If You Weren’t A Rhinestone Cowboy Before 1975 You Were After
To have a number one country song you have to have, well, a great song and a great singer.
To have a song that hit’s number one on the country chart and number one on the pop chart, well, that’s pretty special.
But to have a song hit number one on the country chart and number one on the pop chart in exactly the same week, well….that’s beyond rare. That’s darn near impossible!
Jimmy Dean did it, back in November of 1961 with his signature hit ‘Big Bad John’. And that was it…until the week of September 13, 1975.
To say that ‘Rhinestone Cowboy’ was a pretty big hit record would be the same as saying the Atlantic Ocean is a pretty decent size body of water.
The Larry Weiss penned ‘Rhinestone Cowboy’ didn’t make Glen Campbell a star by any stretch of the imagination. Glen was already one of country and pop’s biggest stars, with great smash hit’s like ‘Gentle On My Mind’, ‘Wichita Lineman’ and ‘Galveston’. He already had a hit television show. In other words, he was already a star.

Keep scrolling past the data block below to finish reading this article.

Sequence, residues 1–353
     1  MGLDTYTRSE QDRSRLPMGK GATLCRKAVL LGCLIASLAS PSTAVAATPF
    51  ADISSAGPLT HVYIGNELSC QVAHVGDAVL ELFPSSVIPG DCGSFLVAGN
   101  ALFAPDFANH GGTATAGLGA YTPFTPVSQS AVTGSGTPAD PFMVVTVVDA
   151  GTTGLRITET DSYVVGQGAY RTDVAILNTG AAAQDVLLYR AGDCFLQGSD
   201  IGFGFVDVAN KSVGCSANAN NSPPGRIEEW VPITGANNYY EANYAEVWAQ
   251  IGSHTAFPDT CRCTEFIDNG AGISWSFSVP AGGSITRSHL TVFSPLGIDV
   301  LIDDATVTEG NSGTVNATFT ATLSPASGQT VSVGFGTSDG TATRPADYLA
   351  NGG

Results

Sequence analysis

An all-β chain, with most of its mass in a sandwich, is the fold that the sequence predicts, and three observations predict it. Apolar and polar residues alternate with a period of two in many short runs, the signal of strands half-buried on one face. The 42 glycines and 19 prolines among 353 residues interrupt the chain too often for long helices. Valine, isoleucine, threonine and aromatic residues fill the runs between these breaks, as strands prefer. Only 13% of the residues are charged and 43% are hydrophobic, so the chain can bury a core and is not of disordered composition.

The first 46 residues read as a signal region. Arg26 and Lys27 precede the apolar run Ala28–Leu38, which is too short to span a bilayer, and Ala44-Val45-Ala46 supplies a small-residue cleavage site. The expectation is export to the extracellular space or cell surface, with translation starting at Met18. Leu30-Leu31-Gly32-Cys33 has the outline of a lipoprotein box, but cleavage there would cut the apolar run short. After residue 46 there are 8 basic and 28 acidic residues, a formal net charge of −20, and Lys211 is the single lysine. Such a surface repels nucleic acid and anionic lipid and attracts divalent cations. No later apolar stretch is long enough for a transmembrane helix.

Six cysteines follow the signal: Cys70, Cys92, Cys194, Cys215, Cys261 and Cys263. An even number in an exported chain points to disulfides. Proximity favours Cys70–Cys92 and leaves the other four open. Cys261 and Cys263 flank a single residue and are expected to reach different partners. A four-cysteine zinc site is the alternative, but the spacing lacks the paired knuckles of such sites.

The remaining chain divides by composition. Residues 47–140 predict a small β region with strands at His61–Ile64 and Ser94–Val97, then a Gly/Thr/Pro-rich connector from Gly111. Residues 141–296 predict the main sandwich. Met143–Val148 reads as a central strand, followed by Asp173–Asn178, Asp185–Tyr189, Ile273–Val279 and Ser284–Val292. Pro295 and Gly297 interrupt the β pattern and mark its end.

‘Rhinestone Cowboy’, it might be said, made Glen a mega-star.
Released in May of 1975, it spent the summer climbing both the country and pop/rock chart’s, finally hitting the top in September. It was number one on the country chart for 3 weeks (interestingly, not consecutive weeks…Conway and Loretta‘s ‘Feelins’ interrupted it for a week).
As a side note, 1975 was a great year for songs to top both the country and pop/rock chart’s, though Glen was the only one to do it on the same week. But that year, ‘Before The Next Teardrop Falls’ by Freddy Fender, ‘Another Somebody Done Somebody Wrong Song’ by B.J. Thomas, ‘Thank God I’m A Country Boy’ and ‘I’m Sorry’ by John Denver and ‘Convoy’ by C.W. McCall all topped both charts.
As with any great song, this million selling Glen Campbell smash has been covered by a great variety of artist’s, from Loretta Lynn to Charley Pride. Slim Whitman recorded a version and believe it or not, the hard rock band Gun’s and Roses performed the song.
Just goes to prove, a great song never dies. But of course, the best version is the one by Country Music Hall of Famer Glen Campbell.